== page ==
Do you think people will be able to make money from weblogs?
Andrew Sullivan kind of is already. I'm not -- at least not on any kind of hourly-rate basis -- though InstaPundit is more profitable than a lot of "mainstream" publications, which is to say it's not in the red. And if you consider the Drudge Report a weblog (something about which some people disagree) then someone already is. I don't know what he makes, but it's certainly a better living than the average journalist.
A bigger question is whether weblogs need for people to make money. I think the impulse among humans to share opinions is pretty well hardwired, meaning that as long as weblogs aren't expensive, people will happily do it at a loss. Bigshot journalists may care more about whether they can make money out of blogging, but even there I'm not sure it's all rational economic calculation. Andrew Sullivan blogged himself out of a steady gig with the New York Times and I doubt that made sense economically. People value being able to say what they think at a non-economic level.
What do you think will come next? Have you considered audio or video?
Yes. In fact, as soon as my audio hosting service finishes a server upgrade, I'm going to roll out InstaPundit Radio, with more-or-less weekly features of audio commentary and interviews. As for video, well, we'll see. I could offer the kind of 30-second talking head video clips that MSNBC offers -- but does anyone really care about those? I'm not sure. I might try it just for fun.
Fun is what this is all about. If I really wanted to make money, I'd be spending my time doing consulting work for liquor companies.
How do you decide which sites to add to your permalinks?
I'm not very organized about it, and I'm constantly noticing that I've left someone out that I meant to include. (I have a memory like a Ferrari -- when it works it's great, but there's a lot of downtime involved). Anybody that I find interesting is likely to be included, whether I agree with them or not. Some things that keep people off: a consistently nasty tone, lots of spelling errors, or too many emails pestering me to put them on. I don't mind being asked, but I do mind being spammed.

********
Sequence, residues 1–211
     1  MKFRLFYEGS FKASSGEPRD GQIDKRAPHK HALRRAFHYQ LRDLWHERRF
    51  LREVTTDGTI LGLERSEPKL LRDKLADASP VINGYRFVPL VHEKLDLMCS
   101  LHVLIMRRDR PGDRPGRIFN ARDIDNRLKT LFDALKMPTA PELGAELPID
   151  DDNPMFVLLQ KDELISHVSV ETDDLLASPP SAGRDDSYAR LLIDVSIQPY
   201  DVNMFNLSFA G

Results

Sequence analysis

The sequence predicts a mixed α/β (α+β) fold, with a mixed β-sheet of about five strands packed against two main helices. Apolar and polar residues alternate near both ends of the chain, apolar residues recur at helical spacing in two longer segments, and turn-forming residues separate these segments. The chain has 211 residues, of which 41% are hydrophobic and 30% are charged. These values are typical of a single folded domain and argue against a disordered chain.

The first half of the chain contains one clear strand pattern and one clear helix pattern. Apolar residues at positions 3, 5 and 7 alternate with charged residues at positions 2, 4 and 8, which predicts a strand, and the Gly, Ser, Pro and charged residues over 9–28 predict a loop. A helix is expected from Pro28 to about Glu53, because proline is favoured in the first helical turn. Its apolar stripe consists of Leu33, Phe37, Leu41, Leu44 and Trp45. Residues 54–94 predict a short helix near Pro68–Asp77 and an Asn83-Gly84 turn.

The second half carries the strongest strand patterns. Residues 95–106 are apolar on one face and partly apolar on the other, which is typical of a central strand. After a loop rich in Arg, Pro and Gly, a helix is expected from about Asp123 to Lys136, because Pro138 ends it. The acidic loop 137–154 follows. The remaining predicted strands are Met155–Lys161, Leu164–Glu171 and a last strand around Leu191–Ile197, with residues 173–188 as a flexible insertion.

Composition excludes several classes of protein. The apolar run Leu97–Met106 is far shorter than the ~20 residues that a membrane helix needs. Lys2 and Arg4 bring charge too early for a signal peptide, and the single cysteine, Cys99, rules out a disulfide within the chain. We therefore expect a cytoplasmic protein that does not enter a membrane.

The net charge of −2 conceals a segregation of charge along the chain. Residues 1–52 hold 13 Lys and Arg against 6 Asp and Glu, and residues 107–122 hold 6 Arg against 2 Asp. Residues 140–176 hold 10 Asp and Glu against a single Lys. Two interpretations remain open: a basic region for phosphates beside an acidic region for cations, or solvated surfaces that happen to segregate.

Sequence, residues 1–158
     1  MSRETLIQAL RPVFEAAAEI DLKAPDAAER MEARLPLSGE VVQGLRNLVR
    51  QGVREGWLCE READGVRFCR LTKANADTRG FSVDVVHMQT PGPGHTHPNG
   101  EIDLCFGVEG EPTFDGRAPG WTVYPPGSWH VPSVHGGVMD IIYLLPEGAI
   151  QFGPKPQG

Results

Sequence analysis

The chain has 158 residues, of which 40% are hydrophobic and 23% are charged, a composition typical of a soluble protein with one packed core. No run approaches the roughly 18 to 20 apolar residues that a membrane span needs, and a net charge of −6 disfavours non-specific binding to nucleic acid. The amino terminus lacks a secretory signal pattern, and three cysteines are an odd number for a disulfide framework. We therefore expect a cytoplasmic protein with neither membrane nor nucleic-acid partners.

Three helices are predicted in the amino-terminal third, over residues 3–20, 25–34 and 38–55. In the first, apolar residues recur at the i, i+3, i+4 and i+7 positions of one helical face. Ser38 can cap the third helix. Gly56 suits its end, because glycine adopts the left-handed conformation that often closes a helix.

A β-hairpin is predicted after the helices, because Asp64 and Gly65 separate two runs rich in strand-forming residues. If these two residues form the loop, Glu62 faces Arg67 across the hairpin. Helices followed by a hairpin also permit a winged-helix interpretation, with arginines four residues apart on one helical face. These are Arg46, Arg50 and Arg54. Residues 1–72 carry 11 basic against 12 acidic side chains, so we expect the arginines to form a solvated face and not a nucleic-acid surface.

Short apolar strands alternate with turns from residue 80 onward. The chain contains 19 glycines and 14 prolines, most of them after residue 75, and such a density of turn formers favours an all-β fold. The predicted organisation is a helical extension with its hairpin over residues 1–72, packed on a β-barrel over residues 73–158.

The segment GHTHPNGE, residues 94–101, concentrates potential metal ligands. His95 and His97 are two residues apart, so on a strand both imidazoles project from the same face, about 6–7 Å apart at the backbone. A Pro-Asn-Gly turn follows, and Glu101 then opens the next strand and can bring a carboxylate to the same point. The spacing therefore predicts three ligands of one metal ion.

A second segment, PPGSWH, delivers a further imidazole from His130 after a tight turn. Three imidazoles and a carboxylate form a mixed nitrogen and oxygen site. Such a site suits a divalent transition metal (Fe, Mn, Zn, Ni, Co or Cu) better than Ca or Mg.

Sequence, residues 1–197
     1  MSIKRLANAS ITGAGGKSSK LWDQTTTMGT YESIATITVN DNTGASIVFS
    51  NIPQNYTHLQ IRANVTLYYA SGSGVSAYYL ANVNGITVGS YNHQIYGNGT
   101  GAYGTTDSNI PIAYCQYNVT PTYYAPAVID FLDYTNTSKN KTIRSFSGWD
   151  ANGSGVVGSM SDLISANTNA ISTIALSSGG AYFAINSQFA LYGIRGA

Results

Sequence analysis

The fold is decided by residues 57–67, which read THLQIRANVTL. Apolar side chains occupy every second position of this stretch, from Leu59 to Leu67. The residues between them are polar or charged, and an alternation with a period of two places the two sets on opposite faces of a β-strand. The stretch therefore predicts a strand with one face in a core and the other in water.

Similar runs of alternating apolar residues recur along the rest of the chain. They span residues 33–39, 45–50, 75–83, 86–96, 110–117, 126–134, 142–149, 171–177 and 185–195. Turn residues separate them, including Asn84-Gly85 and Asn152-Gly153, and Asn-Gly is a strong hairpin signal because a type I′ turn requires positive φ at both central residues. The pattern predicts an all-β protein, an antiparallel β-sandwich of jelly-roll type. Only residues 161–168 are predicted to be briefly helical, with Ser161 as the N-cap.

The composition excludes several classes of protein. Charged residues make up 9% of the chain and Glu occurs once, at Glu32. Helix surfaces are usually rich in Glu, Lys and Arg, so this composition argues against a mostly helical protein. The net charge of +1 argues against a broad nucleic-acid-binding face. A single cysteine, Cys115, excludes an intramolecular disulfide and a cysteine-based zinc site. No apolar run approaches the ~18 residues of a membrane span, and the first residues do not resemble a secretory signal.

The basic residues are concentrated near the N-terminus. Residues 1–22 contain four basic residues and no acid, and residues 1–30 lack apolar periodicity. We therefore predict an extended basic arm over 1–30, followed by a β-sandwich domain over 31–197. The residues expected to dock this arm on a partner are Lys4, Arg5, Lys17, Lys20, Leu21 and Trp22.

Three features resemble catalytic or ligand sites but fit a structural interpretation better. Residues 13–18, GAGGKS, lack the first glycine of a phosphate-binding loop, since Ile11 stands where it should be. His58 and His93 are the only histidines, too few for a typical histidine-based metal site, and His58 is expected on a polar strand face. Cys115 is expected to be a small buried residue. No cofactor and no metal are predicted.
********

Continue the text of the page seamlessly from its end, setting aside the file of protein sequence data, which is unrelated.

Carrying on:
Why did you leave Blogger and Blogspot?
Pyra Labs and Blogger deserve a huge medal for almost single-handedly starting the blog explosion. And I found Blogger and Blogger Pro entirely adequate. Pro was somewhat more reliable, but not great. Blogspot's hosting was basically free, but also not terribly reliable: as I write this it's been down for about 8 hours. Plus, I felt (slightly) guilty about how much bandwidth I was consuming. I talked with Stacy Tabb of Sekimori and she found me a great hosting deal and set me up with Movable Type as part of the site redesign. I wasn't actually anxious to make the move, but Blogger's reliability problems meant I wasn't opposed to it, either. Movable Type isn't perfect, but it's been much more reliable than Blogger and every bit as easy to use.
Nonetheless, I encourage people who want to start a blog to start with Blogger. It's an easy way to get started, and it's entirely adequate for most people's needs. I ran InstaPundit on a Blogger/Blogspot combination for nine months of very heavy traffic, and it worked fine. I hope that Pyra makes it big: they deserve to.
Do you think there's a feud between the older-line techbloggers and the newer set of "warbloggers"?
No. Some people like Nick Denton have said some things along those lines. I read some techblogs -- mostly Doc Searls, sometimes Dave Winer or Jason Kottke -- but for the most part we have different interests. I like the techbloggers just fine, though I don't agree with everything they say on politics. And I'm sure they don't agree with what I say sometimes. Big deal. People don't have to agree on everything.
Will the blog bubble burst?
Sure. But it'll be like most Internet bubbles: the real bubble is in attention. Napster got a lot of attention a couple of years ago. That bubble has "burst," but there's actually more filetrading going on now than there was then. It's just not on the cover of newsmagazines. Similarly, someone will soon announce that blogs are "over," but weblogging will continue at a higher rate than it's going on now. It will just have become part of normal life. We don't hear much about the "electric light revolution" anymore, but that doesn't mean we've all returned to candles.
Will you miss the attention when it's gone?
Maybe a little. But this is a hobby. I've got a life.